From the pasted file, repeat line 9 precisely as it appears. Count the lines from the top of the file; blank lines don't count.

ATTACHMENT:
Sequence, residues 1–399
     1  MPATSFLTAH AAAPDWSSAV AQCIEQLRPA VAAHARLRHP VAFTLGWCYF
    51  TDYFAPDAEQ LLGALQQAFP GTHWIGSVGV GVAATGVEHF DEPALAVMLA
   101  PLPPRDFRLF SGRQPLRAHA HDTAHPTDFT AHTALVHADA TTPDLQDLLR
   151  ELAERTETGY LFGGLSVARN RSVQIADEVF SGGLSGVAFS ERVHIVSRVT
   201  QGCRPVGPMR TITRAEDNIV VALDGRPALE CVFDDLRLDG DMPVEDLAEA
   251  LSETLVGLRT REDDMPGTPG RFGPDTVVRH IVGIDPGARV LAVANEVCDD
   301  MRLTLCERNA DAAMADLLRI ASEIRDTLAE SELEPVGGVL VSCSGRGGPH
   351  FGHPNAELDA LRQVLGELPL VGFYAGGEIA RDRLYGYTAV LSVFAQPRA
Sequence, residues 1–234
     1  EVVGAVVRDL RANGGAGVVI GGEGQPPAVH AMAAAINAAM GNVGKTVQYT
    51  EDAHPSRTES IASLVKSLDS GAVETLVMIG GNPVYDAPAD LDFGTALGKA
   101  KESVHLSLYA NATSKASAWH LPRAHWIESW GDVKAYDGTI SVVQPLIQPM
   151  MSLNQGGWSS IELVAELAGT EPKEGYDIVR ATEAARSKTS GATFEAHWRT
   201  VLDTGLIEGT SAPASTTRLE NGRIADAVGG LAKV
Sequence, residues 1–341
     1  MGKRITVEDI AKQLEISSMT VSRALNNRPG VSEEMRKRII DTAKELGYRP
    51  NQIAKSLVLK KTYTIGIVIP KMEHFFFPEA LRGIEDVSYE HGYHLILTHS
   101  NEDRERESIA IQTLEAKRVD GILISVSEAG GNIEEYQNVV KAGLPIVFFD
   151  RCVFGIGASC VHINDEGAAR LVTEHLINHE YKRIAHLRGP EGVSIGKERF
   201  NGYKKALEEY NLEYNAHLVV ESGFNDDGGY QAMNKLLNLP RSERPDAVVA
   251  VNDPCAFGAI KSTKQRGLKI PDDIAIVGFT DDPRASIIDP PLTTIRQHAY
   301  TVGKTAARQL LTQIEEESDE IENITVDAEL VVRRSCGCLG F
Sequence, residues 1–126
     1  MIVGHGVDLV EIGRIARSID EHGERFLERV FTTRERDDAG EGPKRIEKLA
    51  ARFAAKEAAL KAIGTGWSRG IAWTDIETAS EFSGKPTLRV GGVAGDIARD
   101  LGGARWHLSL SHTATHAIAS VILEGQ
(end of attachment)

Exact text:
   351  FGHPNAELDA LRQVLGELPL VGFYAGGEIA RDRLYGYTAV LSVFAQPRA